Fact #1: Fever and chills are highly predictive of positive blood cultures in dialysis patients with tunneled cuffed catheters: In this article by Krishnasami et al, 76% of the time blood cultures end up being positive in this instance.
Implication: All dialysis patients presenting with fever and a tunneled dialysis catheter should receive empiric antibiotic therapy while blood cultures are cooking in the lab.
Fact #2: A significant minority of catheter-related bacteremia episodes result from GNRs (30-40%), with the majority arising from Staph species which are often methicillin-resistant. Mixed bacterial and fungal infection are much less common.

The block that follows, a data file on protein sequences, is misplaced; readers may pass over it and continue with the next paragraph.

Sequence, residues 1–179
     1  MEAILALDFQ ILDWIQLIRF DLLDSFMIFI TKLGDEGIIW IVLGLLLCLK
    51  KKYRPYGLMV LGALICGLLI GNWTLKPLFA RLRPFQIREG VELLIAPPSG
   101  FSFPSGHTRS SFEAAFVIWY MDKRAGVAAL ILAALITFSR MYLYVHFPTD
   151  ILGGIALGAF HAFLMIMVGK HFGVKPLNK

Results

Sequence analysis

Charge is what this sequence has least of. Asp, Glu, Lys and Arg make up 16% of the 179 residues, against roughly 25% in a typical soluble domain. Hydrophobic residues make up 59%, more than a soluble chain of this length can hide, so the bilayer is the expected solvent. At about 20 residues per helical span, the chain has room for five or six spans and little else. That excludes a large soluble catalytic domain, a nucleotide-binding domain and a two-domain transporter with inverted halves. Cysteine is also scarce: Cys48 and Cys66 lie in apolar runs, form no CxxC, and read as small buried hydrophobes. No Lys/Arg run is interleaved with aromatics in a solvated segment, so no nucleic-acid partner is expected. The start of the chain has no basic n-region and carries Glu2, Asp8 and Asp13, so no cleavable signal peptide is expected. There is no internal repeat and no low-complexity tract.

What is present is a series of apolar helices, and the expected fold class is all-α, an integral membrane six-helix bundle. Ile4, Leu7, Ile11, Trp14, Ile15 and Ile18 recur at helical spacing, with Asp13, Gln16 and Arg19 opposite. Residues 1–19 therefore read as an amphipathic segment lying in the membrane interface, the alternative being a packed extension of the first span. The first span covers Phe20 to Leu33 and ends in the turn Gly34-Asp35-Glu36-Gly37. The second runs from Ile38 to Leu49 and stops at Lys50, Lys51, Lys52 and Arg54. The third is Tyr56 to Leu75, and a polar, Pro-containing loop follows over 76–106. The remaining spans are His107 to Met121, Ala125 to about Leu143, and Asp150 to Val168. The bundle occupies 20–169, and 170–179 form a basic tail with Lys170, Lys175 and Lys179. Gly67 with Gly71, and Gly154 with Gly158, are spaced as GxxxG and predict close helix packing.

Implication: Empiric antibiotic therapy must include coverage for both GPCs and GNRs (e.g., vancomycin 1gm iv x 1 & gentamicin 1mg/kg iv x 1 given towards the end of dialysis).
Fact #3: Systemic antibiotic therapy without additional catheter management fails to clear infection in about 70% of cases, according to this 1997 AIM article by Marr et al.
Implication: Some type of catheter management for catheter-related bacteremia should be attempted in addition to antibiotics. Options include (a) removing the catheter (the safest option in terms of preventing bacteremic complications such as endocarditis), (b), changing the catheter over a guidewire, (c) or attempting catheter preservation using the “antibiotic lock” technique.